The first time that there might have been the possibility of that happening, he bottled out: “I don’t know him”

But Peter continued to follow Jesus, and in the end he did lay down his life for Jesus. He laid down his life for Jesus in his death; but more than that, he laid down his life for Jesus by the life that he lived. He was sold out for Jesus.

And the reason that he was prepared to do that was quite simple. He knew that Jesus loved him; and he loved Jesus.

Saturday, 30 June 2007

Following Jesus

Mark 1:14-20

I wonder who or what we follow?

Most of the time we are following things or ideas or people without realising it.

We follow the crowd. We do things in a particular way because that was how we were brought up or because ‘everybody’ lives this way. And if we start to be different, we begin to worry: ‘am I a freak’?

Sometimes we consciously follow something. It might be a team or a hobby or a career; fashion – the girl dressed up in the Goth gear is making a statement: she is saying – ‘I’m not following you - I’m following an alternative society’. Or we follow a cause: cats, the environment, anti-war. I had an eccentric uncle who waged a one man campaign against the putting of fluorine in water.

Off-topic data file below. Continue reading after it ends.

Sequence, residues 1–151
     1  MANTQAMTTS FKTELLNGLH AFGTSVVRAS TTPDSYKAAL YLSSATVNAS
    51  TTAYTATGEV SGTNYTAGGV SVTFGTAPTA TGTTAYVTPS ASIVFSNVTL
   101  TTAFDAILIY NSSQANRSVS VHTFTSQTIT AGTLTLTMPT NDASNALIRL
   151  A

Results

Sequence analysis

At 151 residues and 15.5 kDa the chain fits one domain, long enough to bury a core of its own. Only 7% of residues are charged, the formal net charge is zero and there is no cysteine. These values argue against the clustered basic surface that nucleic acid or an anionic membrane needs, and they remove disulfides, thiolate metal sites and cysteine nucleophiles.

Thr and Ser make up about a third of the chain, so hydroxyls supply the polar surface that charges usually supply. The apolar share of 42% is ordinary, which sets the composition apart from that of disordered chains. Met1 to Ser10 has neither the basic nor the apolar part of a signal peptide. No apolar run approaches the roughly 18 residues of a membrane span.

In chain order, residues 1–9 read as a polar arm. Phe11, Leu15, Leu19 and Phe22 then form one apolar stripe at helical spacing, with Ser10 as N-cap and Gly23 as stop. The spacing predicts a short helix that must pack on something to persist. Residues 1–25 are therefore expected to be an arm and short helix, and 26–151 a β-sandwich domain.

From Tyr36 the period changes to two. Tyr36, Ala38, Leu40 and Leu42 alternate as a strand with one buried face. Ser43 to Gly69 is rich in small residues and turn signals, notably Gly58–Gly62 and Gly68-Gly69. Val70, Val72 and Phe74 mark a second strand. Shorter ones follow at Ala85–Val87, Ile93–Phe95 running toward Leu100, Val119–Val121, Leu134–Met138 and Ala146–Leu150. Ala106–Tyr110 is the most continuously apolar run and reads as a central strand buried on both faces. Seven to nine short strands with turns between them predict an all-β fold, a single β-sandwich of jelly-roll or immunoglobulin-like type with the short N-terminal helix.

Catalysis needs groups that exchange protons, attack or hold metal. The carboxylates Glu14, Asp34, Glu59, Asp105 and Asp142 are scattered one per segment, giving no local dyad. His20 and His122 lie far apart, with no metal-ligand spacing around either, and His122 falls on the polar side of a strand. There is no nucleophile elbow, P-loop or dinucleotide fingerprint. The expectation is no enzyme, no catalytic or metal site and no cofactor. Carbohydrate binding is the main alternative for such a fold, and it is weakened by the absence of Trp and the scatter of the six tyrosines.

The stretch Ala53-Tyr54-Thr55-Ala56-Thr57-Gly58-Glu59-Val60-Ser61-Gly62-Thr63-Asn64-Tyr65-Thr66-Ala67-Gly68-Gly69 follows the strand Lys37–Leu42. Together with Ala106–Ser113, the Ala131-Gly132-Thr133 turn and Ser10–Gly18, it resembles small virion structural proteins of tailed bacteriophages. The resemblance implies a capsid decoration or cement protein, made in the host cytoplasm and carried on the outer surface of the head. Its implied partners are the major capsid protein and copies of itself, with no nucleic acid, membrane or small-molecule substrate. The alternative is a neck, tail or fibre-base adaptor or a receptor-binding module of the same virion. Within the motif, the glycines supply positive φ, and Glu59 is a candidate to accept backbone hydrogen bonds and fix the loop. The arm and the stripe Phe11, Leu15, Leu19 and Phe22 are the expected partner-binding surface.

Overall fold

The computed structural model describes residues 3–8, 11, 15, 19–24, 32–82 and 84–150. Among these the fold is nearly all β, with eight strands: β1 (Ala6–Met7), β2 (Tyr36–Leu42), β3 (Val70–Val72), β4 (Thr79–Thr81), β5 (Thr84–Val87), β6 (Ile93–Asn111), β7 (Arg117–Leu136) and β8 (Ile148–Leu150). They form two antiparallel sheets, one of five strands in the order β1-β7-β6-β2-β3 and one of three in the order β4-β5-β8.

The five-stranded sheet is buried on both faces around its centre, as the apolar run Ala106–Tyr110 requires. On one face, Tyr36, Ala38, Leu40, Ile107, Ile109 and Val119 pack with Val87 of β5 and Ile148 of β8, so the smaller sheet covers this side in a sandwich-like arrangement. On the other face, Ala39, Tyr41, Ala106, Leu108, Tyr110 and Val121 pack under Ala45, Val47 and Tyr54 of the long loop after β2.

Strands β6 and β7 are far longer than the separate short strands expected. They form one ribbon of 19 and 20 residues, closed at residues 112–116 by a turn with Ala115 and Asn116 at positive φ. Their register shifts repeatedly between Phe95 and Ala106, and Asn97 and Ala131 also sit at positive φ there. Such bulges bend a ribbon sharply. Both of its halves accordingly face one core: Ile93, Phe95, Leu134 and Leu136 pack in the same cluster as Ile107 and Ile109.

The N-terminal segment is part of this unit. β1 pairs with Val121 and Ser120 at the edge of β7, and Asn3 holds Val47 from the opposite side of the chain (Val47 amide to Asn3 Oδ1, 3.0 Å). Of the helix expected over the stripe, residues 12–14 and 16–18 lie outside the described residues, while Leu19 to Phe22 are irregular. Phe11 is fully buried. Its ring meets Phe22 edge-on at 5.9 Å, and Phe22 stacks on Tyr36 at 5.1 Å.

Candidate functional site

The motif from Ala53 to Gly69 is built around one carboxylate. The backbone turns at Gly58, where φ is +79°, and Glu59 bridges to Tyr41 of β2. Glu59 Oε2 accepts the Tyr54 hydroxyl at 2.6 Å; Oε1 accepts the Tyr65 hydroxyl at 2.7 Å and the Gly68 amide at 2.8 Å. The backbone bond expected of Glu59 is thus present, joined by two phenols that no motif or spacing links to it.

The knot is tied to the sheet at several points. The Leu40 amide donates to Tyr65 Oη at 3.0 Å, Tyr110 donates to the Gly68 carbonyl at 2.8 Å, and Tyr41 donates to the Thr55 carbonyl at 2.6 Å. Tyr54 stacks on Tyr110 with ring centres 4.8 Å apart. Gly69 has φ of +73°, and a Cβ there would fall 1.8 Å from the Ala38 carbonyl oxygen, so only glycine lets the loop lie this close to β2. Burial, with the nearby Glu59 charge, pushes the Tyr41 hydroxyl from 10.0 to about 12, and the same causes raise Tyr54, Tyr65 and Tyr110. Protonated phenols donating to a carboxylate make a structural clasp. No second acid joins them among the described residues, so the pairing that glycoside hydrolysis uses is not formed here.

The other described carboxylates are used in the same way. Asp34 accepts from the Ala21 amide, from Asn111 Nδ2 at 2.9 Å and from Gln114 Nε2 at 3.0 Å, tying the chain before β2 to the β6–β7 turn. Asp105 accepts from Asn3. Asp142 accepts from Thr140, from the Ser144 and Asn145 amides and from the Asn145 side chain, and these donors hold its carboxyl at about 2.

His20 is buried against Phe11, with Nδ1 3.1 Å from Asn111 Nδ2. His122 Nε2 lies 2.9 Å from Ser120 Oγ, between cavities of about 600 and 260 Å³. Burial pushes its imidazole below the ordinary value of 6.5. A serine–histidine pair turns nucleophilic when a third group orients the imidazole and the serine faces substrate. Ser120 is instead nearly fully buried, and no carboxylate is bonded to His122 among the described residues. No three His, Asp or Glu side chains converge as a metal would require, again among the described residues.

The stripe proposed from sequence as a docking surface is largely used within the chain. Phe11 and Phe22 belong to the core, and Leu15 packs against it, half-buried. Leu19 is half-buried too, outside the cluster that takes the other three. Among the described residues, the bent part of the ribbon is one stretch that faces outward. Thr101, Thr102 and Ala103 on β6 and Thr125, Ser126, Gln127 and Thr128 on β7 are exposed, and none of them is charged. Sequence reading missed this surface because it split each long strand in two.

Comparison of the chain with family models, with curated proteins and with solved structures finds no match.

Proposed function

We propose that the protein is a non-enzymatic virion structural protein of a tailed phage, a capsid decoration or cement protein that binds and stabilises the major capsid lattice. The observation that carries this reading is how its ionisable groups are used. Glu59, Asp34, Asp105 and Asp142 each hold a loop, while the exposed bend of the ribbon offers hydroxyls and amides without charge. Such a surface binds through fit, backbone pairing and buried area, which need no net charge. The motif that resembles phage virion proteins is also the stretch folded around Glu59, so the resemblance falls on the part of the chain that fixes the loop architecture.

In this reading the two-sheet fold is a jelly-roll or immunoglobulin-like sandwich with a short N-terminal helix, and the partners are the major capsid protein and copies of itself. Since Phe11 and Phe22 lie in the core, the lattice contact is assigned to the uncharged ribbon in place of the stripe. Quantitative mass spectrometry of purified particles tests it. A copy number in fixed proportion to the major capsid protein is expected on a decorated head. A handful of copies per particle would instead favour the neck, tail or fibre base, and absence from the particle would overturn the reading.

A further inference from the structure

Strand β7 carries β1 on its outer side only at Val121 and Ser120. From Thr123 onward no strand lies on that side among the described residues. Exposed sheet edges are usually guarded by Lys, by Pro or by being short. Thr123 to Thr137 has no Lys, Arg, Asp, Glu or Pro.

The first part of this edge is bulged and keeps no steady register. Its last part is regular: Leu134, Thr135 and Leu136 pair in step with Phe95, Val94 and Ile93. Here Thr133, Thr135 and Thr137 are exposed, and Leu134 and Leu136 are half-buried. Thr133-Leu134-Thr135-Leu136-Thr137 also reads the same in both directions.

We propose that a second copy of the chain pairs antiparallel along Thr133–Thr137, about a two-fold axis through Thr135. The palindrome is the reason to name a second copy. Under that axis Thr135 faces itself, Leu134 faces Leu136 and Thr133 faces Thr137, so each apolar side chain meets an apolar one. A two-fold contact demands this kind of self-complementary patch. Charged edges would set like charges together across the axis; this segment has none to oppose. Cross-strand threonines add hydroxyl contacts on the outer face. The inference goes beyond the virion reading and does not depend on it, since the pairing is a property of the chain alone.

And sometimes we follow a person: a parent, an anti-parent (someone who is not like our parent), a celebrity, a boss, a friend, a religious leader or a political leader

A journalist, a man called William Allen White, wrote of his first meeting with President Theodore Roosevelt in 1897:

“He sounded in my heart the first trumpet call of the new time that was to be.… I had never known such a man as he, and never shall again. He overcame me. And in the hour or two we spent that day at lunch, he poured into my heart such vision, such ideals, such hopes, such a new attitude toward life and patriotism and the meaning of things, as I had never dreamed men had.… After that, I was his man”.

In our reading Jesus comes up to Simon and Andrew and calls them to ‘follow me’. It is an invitation that comes to them, and it is an invitation that comes to each one of us


The Christian life is about a relationship with Jesus Christ.

In verse 15, Jesus declares: "The time has come," he said. "The kingdom of God is near. Repent and believe the good news!"

That is the theology. In verse 16 we come to the practice: Jesus comes to Simon and Andrew and says: "Come, follow me and I will make you fishers of men." And later, he sees James and John. “Without delay he called them, and they left their father Zebedee in the boat with the hired men and followed him”.

In other words, Jesus is the good news.
Believing the good news is the same as following Jesus.
We can know all the stuff that we need to know, but if we are not willing to follow Jesus it counts for nothing.

For Peter, Andrew, James and John it really was a call to literally follow Jesus on a journey. To be his companions. It was not an unusual call: many rabbis would have their own travelling disciples.